Lt. Jeff Clark & Suja

If you went to the Reno Rodeo, Incline Village’s Red, White and Tahoe Blue parade, Hot August Nights or the Nugget Rib Cook-Off in Sparks, you may have seen the Washoe County Sheriff’s Office Mounted Horse Unit. These four-legged friends have made their debut in North Lake Tahoe this year with help from Incline Village Substation’s Lt. Jeff Clark.

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Lt. Jeff Clark & Suja

“Being on horseback allows you to be above the crowd so you can see what’s going on. Horses can also help in search and rescue events and suspect apprehension. In a fight, you can counter-rotate the horses to separate the crowd. They are great for escorting and protecting officers,” Lt. Clark says of the horses that help deputies with crowd control at large events.

What makes the Mounted Horse Unit unique is its use of wild mustangs that are trained by prisoners for police work. A lot of deputies were in favor of the Mounted Horse Unit, but didn’t have their own horses, so they reached out to the U.S. Bureau of Land Management.

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“In working with animals, you create such a bond with them.
They become part of the family and community.
They make people feel safe.”

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“The prisons were already training horses for other programs. We started talking to the prison trainer about the possibility of having mounted horses,” Clark says.

The correctional center in Carson City, Nev., soon provided prisoner-trained mustangs, Suja and Slim, that live with Clark.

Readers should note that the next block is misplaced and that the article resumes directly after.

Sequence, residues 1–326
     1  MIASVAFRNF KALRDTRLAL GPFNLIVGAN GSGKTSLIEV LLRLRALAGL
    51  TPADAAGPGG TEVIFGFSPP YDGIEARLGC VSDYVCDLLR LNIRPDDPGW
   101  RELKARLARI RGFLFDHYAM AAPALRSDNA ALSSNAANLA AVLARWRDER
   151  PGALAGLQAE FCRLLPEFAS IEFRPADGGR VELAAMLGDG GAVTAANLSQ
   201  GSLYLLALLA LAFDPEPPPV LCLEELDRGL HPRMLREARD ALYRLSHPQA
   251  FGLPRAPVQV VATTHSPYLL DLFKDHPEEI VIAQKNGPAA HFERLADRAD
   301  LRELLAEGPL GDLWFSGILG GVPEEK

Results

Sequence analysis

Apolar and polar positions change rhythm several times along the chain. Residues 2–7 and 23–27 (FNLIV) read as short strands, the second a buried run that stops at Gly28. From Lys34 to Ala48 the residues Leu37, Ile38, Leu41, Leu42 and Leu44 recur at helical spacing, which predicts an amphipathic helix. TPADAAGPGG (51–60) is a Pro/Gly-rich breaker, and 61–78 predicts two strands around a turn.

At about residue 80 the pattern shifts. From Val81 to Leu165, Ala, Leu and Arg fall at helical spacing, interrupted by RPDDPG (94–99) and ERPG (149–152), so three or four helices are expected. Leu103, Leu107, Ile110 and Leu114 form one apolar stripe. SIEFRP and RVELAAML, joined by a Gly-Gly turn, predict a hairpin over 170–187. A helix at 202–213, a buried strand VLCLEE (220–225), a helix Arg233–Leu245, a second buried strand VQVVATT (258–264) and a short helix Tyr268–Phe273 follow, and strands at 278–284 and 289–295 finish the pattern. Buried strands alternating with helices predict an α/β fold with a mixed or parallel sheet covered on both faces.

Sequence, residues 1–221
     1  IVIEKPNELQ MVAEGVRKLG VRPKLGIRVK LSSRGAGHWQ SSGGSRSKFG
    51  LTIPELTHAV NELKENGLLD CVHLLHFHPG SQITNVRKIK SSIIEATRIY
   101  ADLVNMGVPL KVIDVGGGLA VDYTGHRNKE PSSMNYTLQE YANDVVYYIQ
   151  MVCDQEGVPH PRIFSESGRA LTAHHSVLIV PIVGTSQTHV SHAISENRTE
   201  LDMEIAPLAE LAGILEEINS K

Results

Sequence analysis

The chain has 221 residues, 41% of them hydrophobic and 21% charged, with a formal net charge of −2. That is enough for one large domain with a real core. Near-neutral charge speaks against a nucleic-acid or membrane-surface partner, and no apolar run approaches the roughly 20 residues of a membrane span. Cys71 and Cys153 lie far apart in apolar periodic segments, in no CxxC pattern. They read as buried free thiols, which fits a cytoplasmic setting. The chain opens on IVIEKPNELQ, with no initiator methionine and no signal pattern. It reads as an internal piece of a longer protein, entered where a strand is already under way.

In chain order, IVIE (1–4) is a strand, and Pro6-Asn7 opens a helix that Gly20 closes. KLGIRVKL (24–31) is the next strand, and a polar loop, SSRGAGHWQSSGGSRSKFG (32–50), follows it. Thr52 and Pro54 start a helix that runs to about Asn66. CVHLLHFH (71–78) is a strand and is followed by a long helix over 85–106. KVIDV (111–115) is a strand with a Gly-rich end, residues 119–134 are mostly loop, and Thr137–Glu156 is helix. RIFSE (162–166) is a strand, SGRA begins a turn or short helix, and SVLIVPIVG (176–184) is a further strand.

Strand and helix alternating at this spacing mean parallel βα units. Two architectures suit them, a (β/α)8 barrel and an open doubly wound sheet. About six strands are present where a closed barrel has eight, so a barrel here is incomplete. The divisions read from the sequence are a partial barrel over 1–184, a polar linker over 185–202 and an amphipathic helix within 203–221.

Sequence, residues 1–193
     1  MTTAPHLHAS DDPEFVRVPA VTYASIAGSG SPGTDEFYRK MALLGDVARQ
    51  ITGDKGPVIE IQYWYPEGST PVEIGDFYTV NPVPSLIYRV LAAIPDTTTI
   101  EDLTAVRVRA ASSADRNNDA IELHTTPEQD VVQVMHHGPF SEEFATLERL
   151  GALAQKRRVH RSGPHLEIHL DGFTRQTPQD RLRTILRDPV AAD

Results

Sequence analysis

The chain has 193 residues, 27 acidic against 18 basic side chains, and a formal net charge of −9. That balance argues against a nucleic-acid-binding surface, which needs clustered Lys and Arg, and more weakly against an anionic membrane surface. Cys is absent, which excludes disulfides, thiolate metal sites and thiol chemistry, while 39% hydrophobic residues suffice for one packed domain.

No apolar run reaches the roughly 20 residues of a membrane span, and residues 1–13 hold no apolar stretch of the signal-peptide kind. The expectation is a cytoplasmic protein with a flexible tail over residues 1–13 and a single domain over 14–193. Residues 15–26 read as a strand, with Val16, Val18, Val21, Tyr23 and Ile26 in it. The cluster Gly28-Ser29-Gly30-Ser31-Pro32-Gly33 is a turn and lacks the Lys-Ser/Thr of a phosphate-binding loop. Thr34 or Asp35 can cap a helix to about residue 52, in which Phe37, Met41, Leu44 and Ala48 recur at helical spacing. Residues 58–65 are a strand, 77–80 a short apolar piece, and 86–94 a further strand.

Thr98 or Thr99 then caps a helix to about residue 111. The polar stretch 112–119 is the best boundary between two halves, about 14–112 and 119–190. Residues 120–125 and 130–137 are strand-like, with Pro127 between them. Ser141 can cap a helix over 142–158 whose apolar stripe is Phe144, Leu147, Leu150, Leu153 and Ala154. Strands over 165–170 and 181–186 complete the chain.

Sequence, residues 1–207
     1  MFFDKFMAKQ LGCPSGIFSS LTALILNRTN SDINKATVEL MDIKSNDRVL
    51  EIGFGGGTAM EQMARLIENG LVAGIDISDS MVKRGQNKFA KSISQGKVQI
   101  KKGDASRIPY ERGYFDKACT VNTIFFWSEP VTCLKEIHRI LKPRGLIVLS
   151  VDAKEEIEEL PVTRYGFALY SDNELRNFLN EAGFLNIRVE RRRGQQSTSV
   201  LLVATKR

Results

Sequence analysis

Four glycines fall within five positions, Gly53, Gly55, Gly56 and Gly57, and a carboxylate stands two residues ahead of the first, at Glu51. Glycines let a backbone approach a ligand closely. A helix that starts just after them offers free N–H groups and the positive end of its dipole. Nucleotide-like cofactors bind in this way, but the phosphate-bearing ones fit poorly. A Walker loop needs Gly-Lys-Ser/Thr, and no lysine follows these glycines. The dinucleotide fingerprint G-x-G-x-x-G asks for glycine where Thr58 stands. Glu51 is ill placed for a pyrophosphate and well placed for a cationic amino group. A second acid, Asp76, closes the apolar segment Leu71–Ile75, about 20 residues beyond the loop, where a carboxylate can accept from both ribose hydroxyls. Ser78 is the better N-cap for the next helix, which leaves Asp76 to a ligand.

“The Sheriff’s Office doesn’t pay for any of it, we use our own horses,” he says.

Suja, a 6-year-old mustang, born in the wild of the Black Rock Range, was captured when he was young and trained. When Clark adopted the mustang, he changed its name to Suja because it fit his personality.

“Suja means ‘beautiful life.’ He’s a mild-mannered, calm boy.”

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The Mounted Horse Unit with Lt. Jeff Clark, center, riding Suja from the 2016 Reno Rodeo. | Courtesy Lt. Jeff Clark

Since the Mounted Horse Unit launched, six deputies have been certified to perform their duties on horseback. Although the horses receive 120 days of training by the inmates, when the Sheriff’s Office adopts them, they are put through another weeklong, rigorous training program to further desensitize them. The horses are exposed to environments filled with fireworks, gunshots, police dogs, sirens, smoke, fire bells and obstacle courses to simulate a riot situation.

“The more you work with them, the more comfortable you get,” Clark says, adding that it’s important to start the horses out slow and practice with them as often as possible. “We have to ensure the safety of the public, riders and horses.”

Mustangs are strong and fast, which is why Clark likes working with that particular breed.

“They are surefooted animals and it all comes back to how much training they’ve had,” Clark says.

The Mounted Horse Unit’s main focus is to move and maintain crowds. The officers are in the process of buying riot gear for their hairy deputies. They take the team to many events, but it’s also nice to use them on public trails.

“Vehicle burglaries tend to happen near trailheads,” says Clark. “Horses can go where you can’t get to on foot. They are a traditional, versatile tool, great for the Sheriff’s Office.”

One thing noticeable about Clark is that his face lights up when he talks about Suja. According to him, the Mounted Horse Unit has been well received in North Lake Tahoe, especially the mustangs.

“They are great horses. We are a Nevada county agency and what better way to get involved in a program like this than with mustangs,” says Clark. “In working with animals, you create such a bond with them. They become part of the family and community. They make people feel safe.”

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Kayla Anderson
Kayla Anderson is a freelance writer, marketer and action sports enthusiast who has spent the last 10 years in North Lake Tahoe snowboarding, hiking and wake surfing. She holds a bachelor’s degree in journalism from Chico State University and loves being out on the lake as often as she can.